Hitzlsperger is the highest-profile footballer to 'come out' and follows American Robbie Rogers, who revealed his sexuality last year.
Hitzlsperger won 52 caps for Germany and finished his career at Stuttgart last year, retiring because of injury.
In an interview with Germany's Die Zeit newspaper, he said: "It has been a long and difficult process... only in recent years has it dawned on me that I would prefer to live with another man."
Hitzlsperger, 31, says he does not know any other players in Germany who are gay.
"I'm coming out about my homosexuality because I want to move the discussion about homosexuality among professional sportspeople forwards," Hitzlsperger said.
"I've never been ashamed of the way I am," he added, although he conceded it has not always been easy to live with some of the comments dished out on the subject.
"Just picture 20 men sat around a table together drinking - you've just got to let the majority be, just as long as the jokes are halfway funny and the talk about homosexuality doesn't get too insulting.
"In England, Germany or Italy, homosexuality is not taken seriously as an issue, at least not in the dressing room."
Aston Villa, the German's first English club, said on social media: "Everyone who knows Thomas from his time here at Villa has great respect for him, not only as the fine player he was but also as a man.
"His statement today is a straightforward statement and, along with our support as a club, we hope that everyone involved in the game extend to him their support as well."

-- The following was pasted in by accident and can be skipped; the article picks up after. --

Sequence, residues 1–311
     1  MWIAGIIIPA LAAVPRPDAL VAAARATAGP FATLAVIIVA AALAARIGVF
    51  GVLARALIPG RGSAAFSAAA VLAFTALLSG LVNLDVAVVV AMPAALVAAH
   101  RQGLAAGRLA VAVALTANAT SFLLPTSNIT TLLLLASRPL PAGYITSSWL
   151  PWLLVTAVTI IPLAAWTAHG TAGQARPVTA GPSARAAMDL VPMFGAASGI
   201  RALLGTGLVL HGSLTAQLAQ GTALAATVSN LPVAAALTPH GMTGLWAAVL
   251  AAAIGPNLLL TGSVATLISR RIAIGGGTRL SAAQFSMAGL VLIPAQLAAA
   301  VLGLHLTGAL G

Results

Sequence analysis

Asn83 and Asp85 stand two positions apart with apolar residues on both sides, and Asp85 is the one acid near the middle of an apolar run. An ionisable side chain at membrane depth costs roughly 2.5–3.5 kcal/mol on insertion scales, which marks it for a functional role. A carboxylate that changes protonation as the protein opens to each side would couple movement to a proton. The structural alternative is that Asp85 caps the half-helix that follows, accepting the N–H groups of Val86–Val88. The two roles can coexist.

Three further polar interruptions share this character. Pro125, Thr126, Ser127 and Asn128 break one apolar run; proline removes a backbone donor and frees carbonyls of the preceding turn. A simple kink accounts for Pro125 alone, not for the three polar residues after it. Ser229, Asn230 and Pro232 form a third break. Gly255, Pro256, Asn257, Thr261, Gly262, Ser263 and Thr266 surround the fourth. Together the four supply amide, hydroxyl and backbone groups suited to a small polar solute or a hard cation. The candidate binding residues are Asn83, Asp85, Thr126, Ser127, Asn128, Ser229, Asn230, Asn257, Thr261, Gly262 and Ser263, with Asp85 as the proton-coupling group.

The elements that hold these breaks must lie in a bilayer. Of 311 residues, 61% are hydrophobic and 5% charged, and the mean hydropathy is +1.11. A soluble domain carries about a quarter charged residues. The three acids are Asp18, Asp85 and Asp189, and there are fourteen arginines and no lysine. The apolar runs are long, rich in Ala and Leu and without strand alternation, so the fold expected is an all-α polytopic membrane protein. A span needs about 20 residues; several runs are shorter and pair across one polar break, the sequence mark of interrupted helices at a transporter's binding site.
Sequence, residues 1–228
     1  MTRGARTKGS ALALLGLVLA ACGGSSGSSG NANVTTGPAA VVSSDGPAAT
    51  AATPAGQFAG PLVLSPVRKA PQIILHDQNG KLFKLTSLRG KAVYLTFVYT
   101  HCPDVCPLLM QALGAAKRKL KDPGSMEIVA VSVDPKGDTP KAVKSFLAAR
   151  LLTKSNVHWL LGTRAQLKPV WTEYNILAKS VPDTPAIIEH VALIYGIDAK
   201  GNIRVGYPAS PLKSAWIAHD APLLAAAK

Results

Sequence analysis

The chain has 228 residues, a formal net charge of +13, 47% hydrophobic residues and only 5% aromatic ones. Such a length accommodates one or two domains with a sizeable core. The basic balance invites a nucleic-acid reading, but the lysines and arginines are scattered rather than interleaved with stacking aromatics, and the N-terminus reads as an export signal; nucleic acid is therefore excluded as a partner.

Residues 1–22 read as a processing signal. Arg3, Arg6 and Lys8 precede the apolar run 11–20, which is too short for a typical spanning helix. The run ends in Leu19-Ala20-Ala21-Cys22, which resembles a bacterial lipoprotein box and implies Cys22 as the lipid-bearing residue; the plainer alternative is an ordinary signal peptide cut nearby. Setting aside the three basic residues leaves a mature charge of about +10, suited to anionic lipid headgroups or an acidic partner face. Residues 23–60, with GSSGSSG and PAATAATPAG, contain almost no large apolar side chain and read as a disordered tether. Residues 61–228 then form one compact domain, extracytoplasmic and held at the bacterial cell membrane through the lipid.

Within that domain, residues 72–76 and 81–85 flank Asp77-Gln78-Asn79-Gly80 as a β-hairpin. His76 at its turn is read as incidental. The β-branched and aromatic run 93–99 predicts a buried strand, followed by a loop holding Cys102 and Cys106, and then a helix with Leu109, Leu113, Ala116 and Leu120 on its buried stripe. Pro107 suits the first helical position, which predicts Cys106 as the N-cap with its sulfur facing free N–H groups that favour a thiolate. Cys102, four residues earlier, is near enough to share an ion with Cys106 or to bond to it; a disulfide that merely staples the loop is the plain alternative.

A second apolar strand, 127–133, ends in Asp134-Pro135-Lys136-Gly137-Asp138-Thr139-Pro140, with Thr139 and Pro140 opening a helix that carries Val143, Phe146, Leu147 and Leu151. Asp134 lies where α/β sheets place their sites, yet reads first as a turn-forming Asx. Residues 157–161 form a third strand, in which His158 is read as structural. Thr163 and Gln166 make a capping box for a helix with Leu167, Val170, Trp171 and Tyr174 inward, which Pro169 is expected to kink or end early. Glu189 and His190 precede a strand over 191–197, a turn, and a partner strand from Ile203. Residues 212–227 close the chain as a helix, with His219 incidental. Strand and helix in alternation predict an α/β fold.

While the Professional Footballers' Association said: "It is great that Hitzlsperger has discussed his sexual orientation openly. The PFA hope to learn from his experiences as a player."
Several footballers have voiced their support on social media, among them Arsenal's Lukas Podolski, who played alongside Hitzlsperger for Germany.
"Brave and right decision," he wrote. "Respect, Thomas Hitzlsperger. His outing is a important sign in our time."
QPR midfielder Joey Barton tweeted: "Thomas Hitzlsperger has shown a lot of courage today.
"Sad times when people have to wait till they retire from their chosen profession before they feel other people will judge them solely on who the human being is. Shame on all of us as a society."
Former England Under-21 international Justin Fashanu was the first professional footballer in Britain to come out in 1990 before he took his own life eight years later, aged 37.
Tennis legend Martina Navratilova came out publicly as gay in 1981 while John Amaechi was the first NBA player to openly admit to being gay in 2007.
Ex-Wales rugby union captain Gareth Thomas, plus England and Surrey wicketkeeper Steven Davies, have come out in the last five years.
Olympic boxing gold medallist Nicola Adams topped the Independent's annual 'Pink List' poll of influential lesbian, gay, bisexual and transgender people in November 2012.
And last month Tom Daley revealed he was in a relationship with a man, while two other Olympic divers have previously come out.
Australian Matthew Mitcham announced he was gay in 2008 shortly before he won a gold medal at the Beijing Olympics, and four-time Olympic diving champion Greg Louganis revealed he was gay following his retirement in 1995.